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The Hogansville Herald
Manchester, Georgia
June 9, 2005     The Hogansville Herald
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June 9, 2005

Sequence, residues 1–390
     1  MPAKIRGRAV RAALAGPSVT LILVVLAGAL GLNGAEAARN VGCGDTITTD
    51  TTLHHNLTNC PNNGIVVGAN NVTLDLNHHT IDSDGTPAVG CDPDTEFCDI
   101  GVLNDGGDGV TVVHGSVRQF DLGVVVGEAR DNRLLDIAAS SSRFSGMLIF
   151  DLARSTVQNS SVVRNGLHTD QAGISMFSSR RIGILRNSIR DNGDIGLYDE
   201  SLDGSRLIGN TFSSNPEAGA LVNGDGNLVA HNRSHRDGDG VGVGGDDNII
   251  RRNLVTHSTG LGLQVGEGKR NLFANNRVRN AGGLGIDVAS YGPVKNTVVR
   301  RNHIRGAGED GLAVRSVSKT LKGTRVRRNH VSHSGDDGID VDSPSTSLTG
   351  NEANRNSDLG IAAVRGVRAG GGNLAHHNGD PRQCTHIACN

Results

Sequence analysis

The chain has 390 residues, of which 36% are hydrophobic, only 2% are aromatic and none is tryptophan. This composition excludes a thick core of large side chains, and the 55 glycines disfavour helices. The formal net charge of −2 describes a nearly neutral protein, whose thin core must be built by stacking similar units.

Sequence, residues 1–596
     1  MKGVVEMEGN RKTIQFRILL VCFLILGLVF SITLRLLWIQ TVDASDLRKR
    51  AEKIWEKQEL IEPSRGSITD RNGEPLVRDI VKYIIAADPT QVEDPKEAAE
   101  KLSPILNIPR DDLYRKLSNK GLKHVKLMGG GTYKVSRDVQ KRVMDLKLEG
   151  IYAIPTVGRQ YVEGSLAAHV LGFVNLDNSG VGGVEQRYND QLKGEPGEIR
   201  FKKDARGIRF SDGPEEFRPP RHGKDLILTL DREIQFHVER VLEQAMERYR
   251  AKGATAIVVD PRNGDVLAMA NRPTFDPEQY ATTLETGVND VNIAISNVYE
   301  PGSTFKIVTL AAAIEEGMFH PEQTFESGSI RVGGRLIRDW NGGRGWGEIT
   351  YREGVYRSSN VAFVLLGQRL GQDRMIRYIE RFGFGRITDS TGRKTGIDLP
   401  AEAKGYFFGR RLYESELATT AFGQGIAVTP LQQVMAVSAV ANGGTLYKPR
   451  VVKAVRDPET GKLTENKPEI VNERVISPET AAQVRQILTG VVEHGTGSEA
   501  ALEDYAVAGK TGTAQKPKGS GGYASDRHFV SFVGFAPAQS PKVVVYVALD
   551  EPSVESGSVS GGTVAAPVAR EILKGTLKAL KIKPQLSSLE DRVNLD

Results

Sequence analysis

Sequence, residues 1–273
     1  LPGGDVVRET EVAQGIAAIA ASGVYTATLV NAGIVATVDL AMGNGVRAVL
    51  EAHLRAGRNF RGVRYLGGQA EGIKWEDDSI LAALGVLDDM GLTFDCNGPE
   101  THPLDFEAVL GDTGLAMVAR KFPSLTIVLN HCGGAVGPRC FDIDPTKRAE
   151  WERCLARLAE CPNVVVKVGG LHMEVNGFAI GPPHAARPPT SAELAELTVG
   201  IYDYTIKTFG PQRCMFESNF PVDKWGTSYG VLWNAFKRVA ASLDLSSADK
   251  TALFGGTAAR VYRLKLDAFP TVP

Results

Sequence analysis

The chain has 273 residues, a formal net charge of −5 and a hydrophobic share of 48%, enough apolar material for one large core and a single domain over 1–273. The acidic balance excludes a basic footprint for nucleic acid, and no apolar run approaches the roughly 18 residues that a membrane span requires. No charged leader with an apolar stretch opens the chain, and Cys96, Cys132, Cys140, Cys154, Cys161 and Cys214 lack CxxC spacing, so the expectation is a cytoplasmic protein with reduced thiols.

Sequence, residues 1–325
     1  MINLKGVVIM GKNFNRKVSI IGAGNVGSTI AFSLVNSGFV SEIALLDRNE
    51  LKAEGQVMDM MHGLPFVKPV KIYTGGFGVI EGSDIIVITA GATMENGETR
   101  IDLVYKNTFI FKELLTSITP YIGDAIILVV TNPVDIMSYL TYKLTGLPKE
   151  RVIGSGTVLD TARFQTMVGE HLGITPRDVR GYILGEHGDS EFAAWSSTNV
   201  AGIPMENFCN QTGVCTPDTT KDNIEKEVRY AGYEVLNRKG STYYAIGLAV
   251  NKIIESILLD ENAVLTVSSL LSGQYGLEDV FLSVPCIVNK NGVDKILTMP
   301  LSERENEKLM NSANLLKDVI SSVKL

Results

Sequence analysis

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PAGE 2-A HOGANSVILLE HOME NEWS - THURSDAY, JUNE 9, 2005 Building Permits: City Already Exceeds Last Year's Total By CLINT CLAYBROOK If building permits are a good measure of municipal growth, then Hogansville is booming even bigger than most of the locals think- and some fear. A check of the number of building permits issued annu- ally by the city since 1995 shows that thee number has increased almost five fold. More importantly, per- haps, the city has already issued more in the first five months of 2005 than in all of last year - 158 through last week compared to 155 in 2004, according to City Manager Randy Jordan and records kept at City Hail. In 1995, there were only 33 permits issued by the city; that was down to 30 in 1996 and therewere only 58 issued ONLY $350 DOWN WITH PHONE CREDIT APPLICATIONS Your home, where you want it, whether you own your land or not. 1505 LaFayette Parkway LaGrange 706-804-2444 -QOAL ........ - - -----A ...... OPPORT JNITY HOU'.ING PIOtOSM ShowODuonsNolUnoludedinBasePrlCe LmdandLo, lmDrovemenlsNollncluded WilhADurovec Crodlt in 2001 and 68 in 2003. Information about the total value of new houses, commercial buildings and repairs, expansions and ren- ovations to existing struc- tures for the most recent years wasn't readily available earlier this week. But the numbers do show that there is considerable investment going on in Hogansville. Jordan says the figures might, however, be a little misleading. Prior to his appointment as building inspector in 2003 - several months before he was named city manager, enforcement was so slack that "If you (were planning on building or expanding or undertaking major renova- tion projects) you could buy a permit if you wanted to, and most people didn't." Code enforcement tight- ened with his arrival and some builders have found that if they don't comply with city codes on everything from electrical wiring to deal- ing with sediment control and run-off water, "stop work orders" will shut them down until they come into compli- ance. "A stop-work order is a powerful tool. If (builders) can't work, they're losing money," he said in a Monday interview. As impressive as the num- ber of building permits issued is, so is the impact they're having on city coffers. For Fiscal Year 2004-2005, the city was paid $16,0D0 for building permits. In the Fiscal 2006 budget, which was given preliminary approval by the City Council on Monday night, it's antici- pated that building permits will bring in $56,500. The increased number of permits shows that there is considerable money avail- able for investment in Hogansville, and that people are willing to spend it, City Councilman Jack Leidner said upon hearing of the increased number of build- ing permits issued. Land values are going up, also Leidner said: "Building lots that a few years ago were selling for $5,000 in the down- town area are now going for about $15,0007 Proof of developers and builders' willingness to invest here can be seen throughout the four subdivi- sions now under development within the city limits and at Deer Springs Subdivision about three miles north on Georgia Highway 100. There are 14 new homes going up in Hummingbird Estates on the city's south side. And one new pre-sold home is rising in Shallow Creek where four of eight completed new homes have already been sold. Several more new homes are rising rapidly in Huntcliff. Car Show Declared a Success PRESCRIPTIONS FINAI00Y HELP IS AVAII,ARI,E If you are married making $30,000.00 or less a year or single making $20,000.00 or less a year and have no prescription insurance cov- erage you qualify to get your prescriptions for $12.00 per month per prescription. Why not start saving your hard earned money today! E and m savings are just a phone call away.. 1-866-582-3472 (toll free) 1-706-566-0296 Locally Owned & Operated MEDICARE PATIENTS WELCOMED 0 DOWN PAYMENT BX2230 FINANCING FOR36MONTHS* KUBOTASERIES GET THE BEST FINANCING AVAILABLE ON KUBOTA DIESEL TRACTORS. GEAR UP NOW BECAUSE THIS GREAT OFFER ENDS 6-30-05 .... :: ...........  [i BX2230 ::;"  : BX23 li - &// t BX2230 '161'"" 22 Horsepower Diesel Engine Limited Inventory! Only 4 left! w/60" Midmount Mower O 4.99 Vo for 72 Months. No Down Payment Required With Approved Credit. * Subject to Georgia Sales tax ........... '" ' ' 'i!i ;!:;:::::::::::::: :q!:. :: ........................................ '; -: ;:; .... :::  ....... : 76 IO 85 ", Waveri IF]all. Gk - 7()6-582-3 ! 94- Waverly Hall Farm & Tractor, Inc. has been in the same location since 1988! ;iiii !i!ii Continued From Page 1A June 4; turned around en route and went back home, according to Toni Striblin, chairman of the Hogansville Cultural Arts Society, which sponsored the show. "If it hadn't been for the rain, we might have had 150 vehicles," she said. Even so, she proclaimed the event a success. Some 400-500" people, many of them just passing through town stopped to walk through the school grounds, pausing to admire the vehi- cles. which ranged from Fords and Packards from the 1920s and 1930s to the 2002 Mazda Prot6g6 entered by Robert Ramirez of Peachtree City in the "New Modified" division. He's no newcomer to car shows; "So far, I've (won) in Florida, Georgia and Virginia with two firsts and three sec- onds," he said: Although he bought the car more or less "stock" off a showroom floor, but he's now added a TV, DVD play- er, and a Play Station among other enhancements. Does he drive the show car to work? Not on your life, he said: "l just leave it sitting at the house. I always drive a sec- ond car." He was a trophy winner here but Jeanette Moore won Best Foreign Car for a 1963 ail-originai 1963 Volkswagen. Chris May of Hogansville won "Best of Show" in motor- cyles with his 2003 American Iron Horse Chopper. Terry Hickman of Cleveland, Tenn., got the "Farthest Driven" award with his 65 C-10 Chevrolet Pickup. Larry Roberts of Pine Mountain Valley had the "Best of Show" car with his 1934 Ford Coupe. "Best of Show Truck" went to Ronnie Schuman of Senoia for his 1956 Ford F100 Pickup. Mike Cummings of Franklin won "Best Engine" with his 1941 Willis. The show and auction raised $1,107 each for the American Cancer Society and the Hogansville Cultural Arts Society, according to Mary Davenport, who helped stage the show and also won trophies for the 1968 Camaro Super Sport, 1970 Super Beetle and the 1963 Falcon Ranchero she and her hus- band entered. "We think we would've had over 200 vehicles if it had- n't rained all week" and until about 11 a.m. Saturday, she said. "There were hordes of families" who showed up, plenty of good food, lots of enterainment for children and plenty of enthusiasm for making the show an annual event, Syriblin said. "We're looking forward to doing it again next year." The auction was ruff by Jason Brooks, the On of Jackie Byars and her hus- band. Marine Glad to be on Home Soil Continued From Page 1A his first chevron during Marine Corps boot camp at Parris Island, S. C. He calls that part of his four year tour "interesting," adding that the before-dawn to after-dark training days carved 45 pounds off his frame during his 13 weeks on the island that Marines can afford to boast about surviv- ing only after they've "grad- uated." Jason ,doesn't get into graphic detail when talking about his days in Failujah, but you get the point: A ragged Iraqi flag was shot up by his buddies, perhaps including him, during an assault on a mosque that was deadly for his platoon as well as for the mosque's defenders. At least one of two "Jim Bowie Knives" that made up part of his combat kit still bears bloodstains. An inter- viewer doesn't ask the source. He talks about a fellow Marine who was shot 13 times in one firefight, survived, then got shot again on his first day back involved in the urban Warfare in Failujah. JASON arrived home with "46 days terminal leave" on the books, which means he won't have to report back to duty to be released. "I'll get my DD-214 in the mail," he says vith a grin. That is the document that will testify to his active duty, over- seas and combat service. His Marine Corps Blues - ihe blue dress uniform with the red stripe down the trousers legs denoting a non- commissioned officer, glows with the "Expert" badges he earned on the firing ranges with the M-16 Rifle and the .45-caliber pistol. There are ribbons denot- ing his combat tours, a Presidential Unit Citation and other achievements, among them the Good Conduct Medal. By Clint Claybrook RIBBONS TELL STORY - Jason Carden checks out the ribbons on his Marine Corps dress blues, which tell of his overseas and com- bat service, among other awards. What would it take for him to go back to the Marines? More than the $20,000 re- enlistment bonus the Marines offered him. Maybe more than the $200,000 some ex-service- men are earning annually for service in Iraq with Certain private security firms. "I just need a break," is his explanation. ' WHEN HE STARTS to look for work in the civilian world, it may be in law enforcement. But not today, thank you: First he's trying to re-learn his fishing talents after older brother, Greg out-fished him on their first few outings since Jason's return. How deadly is Iraq for the men down in the sand trying to root out the insurgents with M-16s, handguns and grenades? Plenty: His platoon, for instance; made up of a few more than 40 Marines, lost 32 men to combat injuries, 14 of whom were killed in action. His battalion lost 221 to wounds and 51 were lilled. Jason says he has no prob- lems with his memories of his days and nights, in combat,. and a personal journal and small camera he had in Iraq will keep the memories fresh. If he doesn't brag about his exploits in combat and coming home unscathed despite some near-misses; neither does he talk in the superlatives of U.S. civilians about "spreading freedom" or other big issues. That seems befitting of a young man who did his duty and in keeping with the tra- dition of the nation's war- riors, who when combat is their calling are more con- cerned with keeping them- selves arid their buddies alive. BUT he does disagree with some of the country's so- called "leadership" in his assessment of how long America's fighting men and women will remain in Iraq. "Forever," is his best guess. "We're not about to give up the opportunity for (more) bases in the Middle East." His parents are proud of their families' involvement in the military since World War II. Carol's father, Joseph Gilbert, of LaGrange, was involved in the fighting for Okinawa and Jason toured some of the sites of the World War II battles on that island, now home to several Marine posts, while he was there. And John's brother Andy was in the Army during the Vietnam War, but spent all his time overseas in Germany. Now Carol has more memtos for a shadow box that holds some of the family's medals and other memora- bilia: Her son's tons of now- worthless Iraqi money, a cap- tured flag and a helmet taken off one of the insurgents who didn't make it back to their homeland among them. Jason describes those as the "insurgents who might not get their seven virgins" but have gone on to other realms anyway, many of them dis- patched by his old outfits. The lines at the beginning of this article are from the poem "Requiem" by Robert Louis Stevenson. !,,1 [I llllll !:lilildl I'1 li ;I